One aspect of American exceptionalism is undoubtedly true. American policymakers believe that they have been anointed by heaven to rule the world. Just as God cares if a sparrow falls to earth, U.S. officials believe anything anyone does anywhere on the planet is a matter of Washington’s concern. That is reflected in a foreign policy which essentially has turned the Monroe Doctrine into a global strategy: the US, and only the US, is entitled to intervene everywhere on earth.
Admittedly, the policy is not entirely consistent, with Uncle Sam sometimes implicitly delegating its authority. For instance, Washington cares little if, say, France sends its troops to Francophone Africa. Libya became a military mishmash involving several European and Middle Eastern allies, while Washington stuck with diplomacy. American officials did not object when Saudi Arabia used its military to bolster Bahrain’s minority Sunni monarchy, crushing largely Shia pro-democracy protests; worse, the US actively aided Riyadh’s murderous invasion of Yemen.
However, the US has tried, often at great expense in blood and treasure, to generally keep order and transform societies in Central Asia, the Balkans, Eastern Europe, the Middle East, and the Asia-Pacific. Washington’s moralistic arrogance and imperial pretensions often proved breathtaking. Unfortunately, the result has been many costly failures, such as the Iraq invasion.
Even more intrusive, however, is US sanctions policy. Originally they were just restrictions on Americans. For example, the Cuban embargo, applied six decades ago, prevents (with some exceptions) Americans from dealing with Cuba. Other governments typically did the same, restricting only their citizens, not foreign nationals. No one imagined that Washington was empowered to unilaterally regulate global commerce and punish anyone anywhere who defied American dictates.
However, in the 1980s US policymakers discovered secondary and financial sanctions. Given America’s global economic dominance, Washington now can make other nations and businesses enforce US policies. Any bank that uses dollars or relies on transactions routed through America can be fined billions of dollars for conducting any transaction, no matter how minor, with a sanctioned person or entity. In this way Washington seeks to force the entire world to implement American policy.
This has caused allied states, most notably in Europe, to follow US policy even when contrary to their own interests. For instance, European firms and individuals are punished for investments in Cuba. Europeans long were effectively barred from dealing with Sudan. More recently US sanctions prevented European companies from serving the Iranian market under the Joint Comprehensive Plan of Action even as European governments attempted to save the accord from the Trump administration’s counterproductive "maximum pressure" campaign.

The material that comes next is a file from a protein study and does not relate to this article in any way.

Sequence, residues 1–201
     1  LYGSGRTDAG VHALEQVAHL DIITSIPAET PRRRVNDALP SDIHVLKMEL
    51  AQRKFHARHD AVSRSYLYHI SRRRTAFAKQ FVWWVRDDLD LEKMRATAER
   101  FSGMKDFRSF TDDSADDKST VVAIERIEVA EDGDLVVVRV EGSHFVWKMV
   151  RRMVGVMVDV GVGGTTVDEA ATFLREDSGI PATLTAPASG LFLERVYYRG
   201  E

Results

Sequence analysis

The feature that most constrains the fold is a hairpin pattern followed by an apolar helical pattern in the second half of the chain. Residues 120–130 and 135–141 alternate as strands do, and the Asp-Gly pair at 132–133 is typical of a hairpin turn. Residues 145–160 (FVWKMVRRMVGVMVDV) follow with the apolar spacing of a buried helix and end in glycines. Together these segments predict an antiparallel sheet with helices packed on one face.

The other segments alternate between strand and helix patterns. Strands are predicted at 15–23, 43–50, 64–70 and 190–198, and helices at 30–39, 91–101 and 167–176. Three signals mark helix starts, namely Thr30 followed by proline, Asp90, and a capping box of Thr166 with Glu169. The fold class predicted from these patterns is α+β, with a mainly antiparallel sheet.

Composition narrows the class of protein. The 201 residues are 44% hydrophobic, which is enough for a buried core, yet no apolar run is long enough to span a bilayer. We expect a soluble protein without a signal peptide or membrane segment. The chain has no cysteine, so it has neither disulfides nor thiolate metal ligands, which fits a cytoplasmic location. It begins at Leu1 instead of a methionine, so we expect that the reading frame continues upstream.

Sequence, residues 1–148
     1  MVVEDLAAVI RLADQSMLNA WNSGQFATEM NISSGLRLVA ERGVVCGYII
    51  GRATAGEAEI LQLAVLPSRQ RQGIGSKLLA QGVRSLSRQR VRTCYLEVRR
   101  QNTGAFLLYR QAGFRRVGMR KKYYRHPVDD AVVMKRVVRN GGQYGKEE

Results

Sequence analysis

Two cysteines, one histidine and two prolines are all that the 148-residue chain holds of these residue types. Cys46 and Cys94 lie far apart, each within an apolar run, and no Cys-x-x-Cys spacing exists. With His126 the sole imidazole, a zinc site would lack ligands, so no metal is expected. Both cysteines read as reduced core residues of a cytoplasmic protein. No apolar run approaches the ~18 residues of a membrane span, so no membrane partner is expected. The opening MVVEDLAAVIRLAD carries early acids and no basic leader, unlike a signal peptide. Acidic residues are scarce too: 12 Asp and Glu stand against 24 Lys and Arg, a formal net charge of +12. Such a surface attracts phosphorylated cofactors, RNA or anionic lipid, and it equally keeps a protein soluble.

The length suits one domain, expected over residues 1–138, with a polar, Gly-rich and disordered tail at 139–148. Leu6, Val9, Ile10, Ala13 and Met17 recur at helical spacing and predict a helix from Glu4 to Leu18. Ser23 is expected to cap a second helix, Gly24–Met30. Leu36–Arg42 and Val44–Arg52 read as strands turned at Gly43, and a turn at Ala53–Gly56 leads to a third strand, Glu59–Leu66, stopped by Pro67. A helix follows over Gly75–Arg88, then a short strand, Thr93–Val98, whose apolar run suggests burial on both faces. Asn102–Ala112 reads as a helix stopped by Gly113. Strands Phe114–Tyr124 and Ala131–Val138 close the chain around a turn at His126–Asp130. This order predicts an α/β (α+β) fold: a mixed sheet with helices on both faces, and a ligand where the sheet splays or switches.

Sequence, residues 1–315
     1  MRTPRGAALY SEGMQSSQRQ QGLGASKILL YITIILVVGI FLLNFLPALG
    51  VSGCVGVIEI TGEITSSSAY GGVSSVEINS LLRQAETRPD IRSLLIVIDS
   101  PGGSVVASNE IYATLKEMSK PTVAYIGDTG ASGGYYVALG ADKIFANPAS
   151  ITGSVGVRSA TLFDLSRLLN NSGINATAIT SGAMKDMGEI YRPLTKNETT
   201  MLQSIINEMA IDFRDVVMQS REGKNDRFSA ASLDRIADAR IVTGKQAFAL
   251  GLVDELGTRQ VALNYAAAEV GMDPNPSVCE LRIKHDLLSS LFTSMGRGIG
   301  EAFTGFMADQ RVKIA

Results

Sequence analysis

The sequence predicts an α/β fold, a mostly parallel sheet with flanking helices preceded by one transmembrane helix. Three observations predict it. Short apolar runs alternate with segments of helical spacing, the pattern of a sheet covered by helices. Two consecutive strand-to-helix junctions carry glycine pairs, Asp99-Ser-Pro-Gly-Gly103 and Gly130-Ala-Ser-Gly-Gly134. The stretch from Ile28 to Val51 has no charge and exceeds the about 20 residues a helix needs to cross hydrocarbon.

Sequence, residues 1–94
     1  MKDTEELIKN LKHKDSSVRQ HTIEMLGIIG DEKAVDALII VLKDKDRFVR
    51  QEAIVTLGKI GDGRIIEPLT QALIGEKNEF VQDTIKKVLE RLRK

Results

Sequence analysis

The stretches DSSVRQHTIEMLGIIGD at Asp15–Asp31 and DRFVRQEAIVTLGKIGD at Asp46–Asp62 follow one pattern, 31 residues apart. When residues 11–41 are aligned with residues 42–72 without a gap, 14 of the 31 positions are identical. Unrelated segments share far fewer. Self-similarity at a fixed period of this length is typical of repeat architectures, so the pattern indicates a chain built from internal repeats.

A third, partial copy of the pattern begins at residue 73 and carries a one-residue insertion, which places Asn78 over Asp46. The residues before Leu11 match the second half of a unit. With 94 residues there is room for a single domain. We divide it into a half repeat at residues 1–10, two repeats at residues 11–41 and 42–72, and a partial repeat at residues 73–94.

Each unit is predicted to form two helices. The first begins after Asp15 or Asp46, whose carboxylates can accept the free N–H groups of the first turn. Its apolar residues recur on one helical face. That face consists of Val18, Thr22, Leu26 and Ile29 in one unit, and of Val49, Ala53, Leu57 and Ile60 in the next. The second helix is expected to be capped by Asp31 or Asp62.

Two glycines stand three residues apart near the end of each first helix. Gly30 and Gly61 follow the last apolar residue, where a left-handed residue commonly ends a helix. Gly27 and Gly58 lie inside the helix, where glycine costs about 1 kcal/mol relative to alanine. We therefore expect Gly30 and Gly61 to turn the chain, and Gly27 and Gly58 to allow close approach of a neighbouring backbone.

However, these steps, which triggered European resistance rather than acquiescence, did not go far enough for America’s hyper-interventionists and extremist hawks who, some suspected, hoped to create an excuse for war in several hotspots. (Many of them are cheerleading Israeli strikes on Palestinian civilians in the latest round of fighting between Israel and Hamas.)
The US also took a more hostile position toward Russia than did Europe. Washington policymakers, separated from Moscow by a large ocean, may have felt freer to risk conflict, since it would be primarily fought in Europe. After all, that was the case for both world wars in the 20th century. Nor had neoconservatives shown much concern for non-American casualties, which ran in the hundreds of thousands or more, during the nearly two decades of quasi-imperial conflict. The ever-egregious Sen. Lindsey Graham even dismissed the cost of a renewed Korean War since it would be "over there" on the Korean Peninsula. Why worry about a few hundred thousand or million South Korean casualties among allies, he apparently thought?
Believing that it was entitled to set its own energy policy, Germany agreed with Russia to build the Nord Stream 2 natural gas pipeline project. The US government then lashed out at Berlin directly. In December 2019 American legislators, convinced of their unique virtue and perspicacity, approved legislation targeting European companies involved in the project. The measure, with Texas Sen. Ted Cruz as one of the authors, also would have the convenient benefit of promoting American liquified natural gas exports. It is convenient when an American politician claiming to do good also does well for his favored interest groups.